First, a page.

Every election cycle, there’s a particular segment of talking heads who become obsessed with the “women vote,” as though female suffrage were still being considered as appropriate to the benefit of modern society. The answer to that question, much to the chagrin of the people who pose it year after f***ing year, is that, while the female vote can have an impact in close years (or can substantiate a landslide), they generally aren’t a good barometer for the nation’s sentiment at large, and, quite honestly, vote on such a bizarre and inconsistent set of criteria, they’re an impossible demographic to accurately predict. Although you can probably accurately predict that they will, at the polls, be crazy as sh*t.
But a complete loss of grip on reality rarely holds the pundit class back from throwing outraged tantrums about how politicians are failing to address the “women vote” and desperately counting the minutes of each debate devoted specifically to “women’s issues,” as though 51% of the voting public were not so much concerned with the state of the economy, the likelihood of Americans to be murdered in cold blood abroad or the possibility that their government is completely bankrupting their children, but rather, what they regularly do with their vagina and whether or not politicians will pay for their gynecological bills. Oh, and occasionally, its assumed all women love teachers. Or something.
At any rate, this cycle has been no exception, and while the Obama campaign has courted the ladyvote by appealing directly to the health, well-being and determined childlessness of their ladyparts, the Romney campaign has focused more closely on economic issues and having a really hot Vice Presidential candidate. Both seem to have some measured success: the former with a bunch of single women who get their voter information from Jersey Shore reruns and magazines that give you diet advice and sex tips (followed by schizophrenic commentary on the oppressive focus society puts on weight and sexual desirability), the latter with suburban mothers, educated professionals, people who are out of work, and people who care not to have the Middle East become a sparkling sea of green glass.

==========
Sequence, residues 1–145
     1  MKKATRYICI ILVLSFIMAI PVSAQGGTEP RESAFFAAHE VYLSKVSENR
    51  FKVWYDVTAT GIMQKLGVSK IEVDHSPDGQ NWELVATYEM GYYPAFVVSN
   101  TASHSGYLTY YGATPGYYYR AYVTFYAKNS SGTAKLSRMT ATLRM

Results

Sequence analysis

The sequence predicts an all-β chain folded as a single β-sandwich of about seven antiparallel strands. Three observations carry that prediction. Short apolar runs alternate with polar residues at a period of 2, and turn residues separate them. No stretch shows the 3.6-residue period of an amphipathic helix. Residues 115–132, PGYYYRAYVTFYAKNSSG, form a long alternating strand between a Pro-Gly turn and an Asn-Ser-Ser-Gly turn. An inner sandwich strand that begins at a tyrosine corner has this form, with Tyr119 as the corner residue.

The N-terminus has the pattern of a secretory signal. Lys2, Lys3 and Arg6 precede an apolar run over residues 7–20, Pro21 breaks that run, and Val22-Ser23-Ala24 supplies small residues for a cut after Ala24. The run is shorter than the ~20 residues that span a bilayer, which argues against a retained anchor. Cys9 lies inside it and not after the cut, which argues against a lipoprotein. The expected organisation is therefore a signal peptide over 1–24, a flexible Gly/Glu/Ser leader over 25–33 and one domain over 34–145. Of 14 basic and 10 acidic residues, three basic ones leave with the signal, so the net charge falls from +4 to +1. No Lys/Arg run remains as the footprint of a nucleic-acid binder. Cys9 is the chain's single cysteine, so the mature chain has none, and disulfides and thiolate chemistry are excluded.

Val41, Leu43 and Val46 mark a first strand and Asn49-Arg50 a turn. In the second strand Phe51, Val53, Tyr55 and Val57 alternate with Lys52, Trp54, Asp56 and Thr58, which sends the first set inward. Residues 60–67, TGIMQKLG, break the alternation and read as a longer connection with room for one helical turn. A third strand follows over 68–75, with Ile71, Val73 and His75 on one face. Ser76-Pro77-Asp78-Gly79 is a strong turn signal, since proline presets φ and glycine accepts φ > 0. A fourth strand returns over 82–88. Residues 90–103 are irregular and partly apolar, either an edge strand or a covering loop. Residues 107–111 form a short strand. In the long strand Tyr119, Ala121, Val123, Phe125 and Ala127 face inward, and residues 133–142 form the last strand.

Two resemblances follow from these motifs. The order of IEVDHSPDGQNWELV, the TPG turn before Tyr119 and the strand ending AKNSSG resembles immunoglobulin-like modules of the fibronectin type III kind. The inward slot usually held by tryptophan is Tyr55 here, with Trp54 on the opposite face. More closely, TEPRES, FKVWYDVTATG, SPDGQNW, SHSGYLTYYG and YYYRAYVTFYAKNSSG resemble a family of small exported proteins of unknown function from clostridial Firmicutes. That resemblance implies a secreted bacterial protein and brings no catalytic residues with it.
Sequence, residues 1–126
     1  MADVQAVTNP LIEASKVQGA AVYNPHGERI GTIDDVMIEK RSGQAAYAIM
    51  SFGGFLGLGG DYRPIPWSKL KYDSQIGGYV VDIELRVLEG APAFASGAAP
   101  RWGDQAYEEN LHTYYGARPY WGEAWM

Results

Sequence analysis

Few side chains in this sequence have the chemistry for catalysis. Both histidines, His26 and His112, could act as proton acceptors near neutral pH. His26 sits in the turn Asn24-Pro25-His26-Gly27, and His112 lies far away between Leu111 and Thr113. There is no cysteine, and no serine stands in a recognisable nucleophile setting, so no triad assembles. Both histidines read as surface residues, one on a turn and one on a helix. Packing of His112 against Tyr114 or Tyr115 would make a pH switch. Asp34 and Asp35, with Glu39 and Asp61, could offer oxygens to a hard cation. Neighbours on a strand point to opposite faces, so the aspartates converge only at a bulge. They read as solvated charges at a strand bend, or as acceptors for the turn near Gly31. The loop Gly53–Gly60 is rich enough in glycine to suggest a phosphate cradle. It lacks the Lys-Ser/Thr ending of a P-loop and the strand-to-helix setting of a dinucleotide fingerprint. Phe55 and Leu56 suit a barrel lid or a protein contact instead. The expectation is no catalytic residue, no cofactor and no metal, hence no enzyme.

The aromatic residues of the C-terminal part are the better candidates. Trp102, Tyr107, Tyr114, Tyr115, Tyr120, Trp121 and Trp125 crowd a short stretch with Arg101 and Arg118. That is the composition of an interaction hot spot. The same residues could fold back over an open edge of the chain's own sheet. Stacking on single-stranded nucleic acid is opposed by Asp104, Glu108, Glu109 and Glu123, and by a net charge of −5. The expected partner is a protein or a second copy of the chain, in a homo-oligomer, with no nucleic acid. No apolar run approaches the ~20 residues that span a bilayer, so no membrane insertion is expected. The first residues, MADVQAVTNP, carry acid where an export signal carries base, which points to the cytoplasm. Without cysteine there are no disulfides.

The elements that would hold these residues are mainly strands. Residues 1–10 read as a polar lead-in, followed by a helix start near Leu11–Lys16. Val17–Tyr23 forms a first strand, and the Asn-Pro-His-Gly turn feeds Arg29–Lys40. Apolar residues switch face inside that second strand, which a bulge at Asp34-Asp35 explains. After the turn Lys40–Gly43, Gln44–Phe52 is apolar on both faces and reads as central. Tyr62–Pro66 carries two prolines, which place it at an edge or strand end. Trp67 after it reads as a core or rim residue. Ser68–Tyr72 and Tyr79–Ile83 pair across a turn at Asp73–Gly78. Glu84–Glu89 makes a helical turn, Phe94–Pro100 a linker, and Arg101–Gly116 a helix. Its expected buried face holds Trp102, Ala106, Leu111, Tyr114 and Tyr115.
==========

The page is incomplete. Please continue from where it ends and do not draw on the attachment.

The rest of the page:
One tactic seems to be working better than the other – at least in the states that matter.
The battle for women, which was apparent in the speakers spotlighted at both political conventions this summer, is likely to help define messages the candidates deliver at the presidential debate Tuesday night and in the TV ads they air during the final 21 days of the campaign. As a group, women tend to start paying attention to election contests later and remain more open to persuasion by the candidates and their ads…
“In every poll, we’ve seen a major surge among women in favorability for Romney” since his strong performance in the first debate, veteran Democratic pollster Celinda Lake says. “Women went into the debate actively disliking Romney, and they came out thinking he might understand their lives and might be able to get something done for them.”
Mother. F***er. Like, literally. Sort of. Not in the gross way.
You know what I mean.
Shocking, I know. Women don’t like to be patronized and bought off with a carrot of free birth control from their religious employer dangled in front of them, are smart enough to have a detailed understanding of complex domestic issues (particularly those that impact their family’s bottom line directly), and the capacity for both empathy and analysis. I realize this is shocking to the Vagina Voter Squad, who routinely limit the female intellect to crotch- and empty-uterus-based considerations, but it’s true. I mean, I’m sure putting Paul Ryan in skintight golf shirts has helped, but it appears the change in polling has been almost entirely based on the fact that women critically evaluate candidates and their plans.
This is problematic for Obama, of course, because Obama won with female voters handily in 2008, while winning male voters by only 1%. With Axelrod playing the numbers game on voter turnout, a significant decrease could force Obama to make a mass appeal, which he hasn’t done and isn’t prepared to do, likely because it requires answering the basic question of whether middle Americans and independents, who were flush with Hope-and-changiness four years ago, are better off now than they were when Obama took office. And that’s probably not going Barack’s way.